Monday, November 09, 2015

Principles of Biblical Interpretation

We want always to interpret the bible in such a way as to not violate the basic principle of Scripture's unity and integrity." R. C. Sproul

The "analogy of faith" means that Holy Scripture is its own interpreter. We interpret Scripture according to Scripture. Behind this principle is the belief that the Bible is the inspired Word of God. Since it is, it must be consistent and coherent.

Principles of Interpretation:

1. The "analogy of faith", a doctrine espoused by the Reformers, means that Scripture is its own interpreter. We interpret Scripture according to Scripture. We interpret the meaning of a verse in light of the overall teaching of the Bible. Since God is omniscient, he would not contradict himself.

2. We interpret the Bible literally ("sensus literalis"). We interpret passages in the sense in which they were written. For example, we interpret a parable as a parable, not as narrative. We do not interpret narrative as metaphor. We read the Bible as we read any book in this manner. God, through the Biblical writers, conveyed his messages in ways the original audience understood, and as we can understand. This means we do not impose secret meanings (Bible Code). But it also means we do not take symbolic passages as narrative in a "wooden literalism". We use ordinary rules of language to interpret the Bible.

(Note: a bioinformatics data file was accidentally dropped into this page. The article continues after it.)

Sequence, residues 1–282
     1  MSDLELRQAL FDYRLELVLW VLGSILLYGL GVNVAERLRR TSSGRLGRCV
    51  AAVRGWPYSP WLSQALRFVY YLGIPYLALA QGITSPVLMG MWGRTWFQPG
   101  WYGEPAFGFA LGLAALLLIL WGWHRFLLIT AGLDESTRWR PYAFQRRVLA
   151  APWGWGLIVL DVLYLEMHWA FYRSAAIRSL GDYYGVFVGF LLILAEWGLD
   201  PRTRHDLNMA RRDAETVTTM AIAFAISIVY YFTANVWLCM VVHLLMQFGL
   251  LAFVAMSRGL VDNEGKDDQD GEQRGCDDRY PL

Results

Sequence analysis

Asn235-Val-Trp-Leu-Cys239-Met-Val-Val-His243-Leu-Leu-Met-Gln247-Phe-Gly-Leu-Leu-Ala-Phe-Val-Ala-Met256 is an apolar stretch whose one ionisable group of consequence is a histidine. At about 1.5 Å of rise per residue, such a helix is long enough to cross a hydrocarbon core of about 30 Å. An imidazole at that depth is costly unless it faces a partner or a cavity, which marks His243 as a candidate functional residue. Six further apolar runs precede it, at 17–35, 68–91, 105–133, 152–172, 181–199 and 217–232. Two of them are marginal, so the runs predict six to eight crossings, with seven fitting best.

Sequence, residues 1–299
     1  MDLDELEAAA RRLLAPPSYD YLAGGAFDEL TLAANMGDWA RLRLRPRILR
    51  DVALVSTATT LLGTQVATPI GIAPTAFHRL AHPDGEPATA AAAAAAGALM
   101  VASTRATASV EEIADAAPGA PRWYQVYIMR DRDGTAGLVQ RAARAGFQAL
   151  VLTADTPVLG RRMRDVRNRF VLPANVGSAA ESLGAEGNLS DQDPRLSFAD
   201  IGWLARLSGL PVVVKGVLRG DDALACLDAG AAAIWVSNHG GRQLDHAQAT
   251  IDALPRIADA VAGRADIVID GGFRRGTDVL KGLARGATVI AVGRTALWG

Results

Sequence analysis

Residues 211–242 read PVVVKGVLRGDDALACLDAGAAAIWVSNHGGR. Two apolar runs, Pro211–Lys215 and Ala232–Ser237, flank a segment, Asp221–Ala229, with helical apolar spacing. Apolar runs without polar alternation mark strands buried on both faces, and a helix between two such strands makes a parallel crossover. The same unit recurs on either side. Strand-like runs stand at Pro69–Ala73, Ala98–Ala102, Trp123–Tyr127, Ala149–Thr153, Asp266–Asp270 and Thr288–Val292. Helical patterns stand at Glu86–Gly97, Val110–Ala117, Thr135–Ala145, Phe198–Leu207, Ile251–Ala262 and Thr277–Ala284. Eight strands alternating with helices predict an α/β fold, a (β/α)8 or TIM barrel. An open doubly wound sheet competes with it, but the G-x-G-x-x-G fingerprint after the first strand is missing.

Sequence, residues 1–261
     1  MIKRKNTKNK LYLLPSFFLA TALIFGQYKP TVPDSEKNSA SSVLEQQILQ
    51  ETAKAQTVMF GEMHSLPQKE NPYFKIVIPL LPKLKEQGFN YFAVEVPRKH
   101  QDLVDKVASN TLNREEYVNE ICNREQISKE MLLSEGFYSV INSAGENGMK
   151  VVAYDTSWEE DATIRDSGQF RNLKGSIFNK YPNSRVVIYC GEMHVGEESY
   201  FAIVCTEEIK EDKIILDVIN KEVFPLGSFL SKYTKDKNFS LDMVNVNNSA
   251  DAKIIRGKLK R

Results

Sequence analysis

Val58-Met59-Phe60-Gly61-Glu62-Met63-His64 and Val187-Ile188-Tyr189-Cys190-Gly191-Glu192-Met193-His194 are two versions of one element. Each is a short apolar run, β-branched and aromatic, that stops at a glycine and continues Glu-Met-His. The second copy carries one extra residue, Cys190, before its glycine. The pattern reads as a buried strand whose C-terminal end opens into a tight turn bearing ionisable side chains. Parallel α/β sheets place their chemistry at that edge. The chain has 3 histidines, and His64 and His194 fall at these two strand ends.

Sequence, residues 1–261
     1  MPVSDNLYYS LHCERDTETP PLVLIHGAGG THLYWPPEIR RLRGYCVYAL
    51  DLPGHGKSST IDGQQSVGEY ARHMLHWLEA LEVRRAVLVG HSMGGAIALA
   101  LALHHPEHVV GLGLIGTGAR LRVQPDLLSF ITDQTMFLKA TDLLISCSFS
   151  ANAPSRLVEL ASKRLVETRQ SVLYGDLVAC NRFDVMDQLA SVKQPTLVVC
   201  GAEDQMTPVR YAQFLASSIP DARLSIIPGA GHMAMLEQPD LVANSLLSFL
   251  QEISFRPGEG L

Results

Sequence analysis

3. We interpret the implicit by the explicit. That means we do not imply a meaning to a passage greater that what it actually says or in a manner that contradicts other passages. This is often done to "proof text" a point. For example, if this verse says "x", it implies "y"must be true. If other passages show "y" is not true, that cannot be a correct interpretation.

4. We interpret obscure passages by clear passages. We do not reverse that process. That is how heresies often start. We do not use an obscure passage to show the whole message of the remainder of the Bible is not true. We always interpret scripture in a way that preserves the integrity and unity of the whole.

Sources: various readings, including R.C. Sprout's "Knowing God" and "Knowing Scripture", TableTalk Magazine, Vo. 35, No. 1, January 2011, p. 4 et seq.
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